the Estate of THOMAS P GILMARTIN,
Petitioner,
vs.
ROSEMARY PALMITER and PATRICIA MASCARELLO,
by and through Kemp & Associates, Inc., as Agent
and Partial Assignee, ANGELINE SHAUL, PEARSON E.
BAKER, NORA B. COLLINS, MAXINE H. BAKER DOV-
EL, LEE ROY BAKER, RUTH BAKER GILMARTIN, ELVA
BAKER SHAUL, DOROTHY E. HARDY, ELLIOT CARL
GILMARTIN, GUY HUGH SHAUL, DARELL R. SHAUL,
THOMAS J. GILMARTIN, MARY MURPHY, BERNARDA.
GILMARTIN, THOMAS LAWRENCE GILMARTIN, HEL-
EN M. GILMARTIN LONGAUER, MARY MAGDALENE
FERGUSON, DOROTHY MARTIN REVELS, AND ANY
UNKNOWN OR UNASCERTAINED BENEFICIARIES,
CLAIMANTS, OR HEIRS OF OR OTHER PERSONS
HAVING AN INTEREST IN THE ESTATE OF THOMAS
P GILMARTIN, AND ALL OTHER PERSONS CLAIMING
BY, THROUGH, UNDER OR AGAINST THEM,
Respondents,
NOTICE FACTION
TO: ROSEMARY PALMITER and PATRICIA MAS-
CARELLO, by and through Kemp & Associates,
Inc., as Agent and Partial Assignee, ANGELINE
SHAUL, PEARSON E. BAKER, NORA B. COLLINS,
MAXINE H. BAKER DOVEL, LEE ROY BAKER, RUTH
BAKER GILMARTIN, ELVA BAKER SHAUL, DOROTHY
E. HARDY, ELLIOT CARL GILMARTIN, GUY HUGH
SHAUL, DARELL R. SHAUL, THOMAS J. GILMARTIN,
MARY MURPHY, BERNARD A. GILMARTIN, THOMAS
LAWRENCE GILMARTIN, HELEN M. GILMARTIN
LONGAUER, MARY MAGDALENE FERGUSON, DORO-
THY MARTIN REVELS, AND ANY UNKNOWN OR
UNASCERTAINED BENEFICIARIES, CLAIMANTS, OR
HEIRS OF OR OTHER PERSONS HAVING AN INTER-
EST IN THE ESTATE OF THOMAS P. GILMARTIN, AND
ALL OTHER PERSONS CLAIMING BY, THROUGH, UN-
DER OR AGAINST THEM,
YOU ARE NOTIFIED that a Petition for Determi-
nation of Beneficlaries and Shares has been filed
against you and you are required to serve a copy
of your written defenses, if any, to it on JAMES P.
PANICO, ESQ., Petitioner's attorney, whose address
is 111 S. Maitland Ave., Suite 100, Maitland, FL
32751, on or before 35 days from first date of pub-
lication, and file the original with the Clerk of this
Court either before service on Petitioner's attorney
for Immediately thereafter; otherwise a default will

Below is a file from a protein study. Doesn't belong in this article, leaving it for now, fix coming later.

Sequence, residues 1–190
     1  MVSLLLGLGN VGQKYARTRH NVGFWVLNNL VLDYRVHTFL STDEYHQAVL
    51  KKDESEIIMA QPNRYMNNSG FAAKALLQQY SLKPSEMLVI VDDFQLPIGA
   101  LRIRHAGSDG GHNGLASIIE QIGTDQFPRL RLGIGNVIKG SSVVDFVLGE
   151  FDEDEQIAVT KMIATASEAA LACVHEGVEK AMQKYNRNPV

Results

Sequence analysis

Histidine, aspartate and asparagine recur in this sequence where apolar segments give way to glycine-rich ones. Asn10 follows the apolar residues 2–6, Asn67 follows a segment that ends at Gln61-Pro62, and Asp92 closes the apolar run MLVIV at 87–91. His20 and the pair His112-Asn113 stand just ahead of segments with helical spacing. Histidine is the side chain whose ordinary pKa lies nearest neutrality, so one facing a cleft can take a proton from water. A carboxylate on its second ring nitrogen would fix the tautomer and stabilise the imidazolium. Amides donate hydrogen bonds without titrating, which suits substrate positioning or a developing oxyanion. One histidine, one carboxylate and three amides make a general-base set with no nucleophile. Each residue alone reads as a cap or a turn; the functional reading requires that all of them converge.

be entered against you for the relief demanded in
the complaint or petition.
Dated this 17 day of April, 2008.
LYDIA GARDNER
As Clerk of the Court
By: Susan Wendt
As Deputy Clerk
6/26, 7/3, 7/10, 7/17


IN THE CIRCUIT COURT OF THE EIGHTEENTH
JUDICIAL CIRCUIT, IN AND FOR SEMINOLE COUNTY,
FLORIDA
Case No.. 08-DR-413-02DW
Division: Family
Lamoya Barnett, Petitioner
and
Michael Barnett, Respondent
NOTICE OF ACTION FOR DISSOLUTION OF
MARRIAGE
TO: (name of Respondent) Michael Loeontt
Barnett
(Respondent's last knoWn address) Address
Unknown
YOU ARE NOTIFIED that air action has beenri iled
against you and that you are required to serve a
copy of your written defenses, if any, to it on (name
of Petitioner) Lairoya Barnett, whose address is
802 Pine Ave, Sanford, FL 32771 on or before July
9, 2008, and file r ...i.. . 11. 11. clerk of this
Court at (clerk's i.,.. ,i r'..,,, Park Ave.,
Sanford, FL 32771 before service on Petitioner or
immediately thereafter. If you fail to do so, a default
may be entered against you for the relief demanded
in the petition.
Copies of all court documents in this case,
including orders, are available at the Clerk of the
Circuit Court's office. You may review these docu-
ments upon request.
You must keep the Clerk of the Circuit Court's
office notified of your current address. (You may file
Notice of Current Address, Florida Supreme Court
1.i,,. ,1 1 r F,,i, ,. ,,,,,1 12.915.) Future papers
i, i., . ..'i'ii [.- ... filed to the address on
record at the clerk's office.
WARNING: Rule 12.285, Florida Family Law
Rules of Procedure, requires certain automatic
disclosure of documents and information. FalPure to
comply can result in sanctions, including dismissal
or striking of pleadings
Dated June 3, 2008.
Maryanne Morse,
Clerk of the Circuit Court
By: Nancy R. Winter
Deputy Clerk
6/5, 6/12, 6/19, 6/26
IN THE CIRCUIT COURT OF THE NINTH JUDICIAL
CIRCUIT, IN AND FOR ORANGE COUNTY, FLORIDA,
PROBATE DIVISION
File No. 2008-CP-000883-0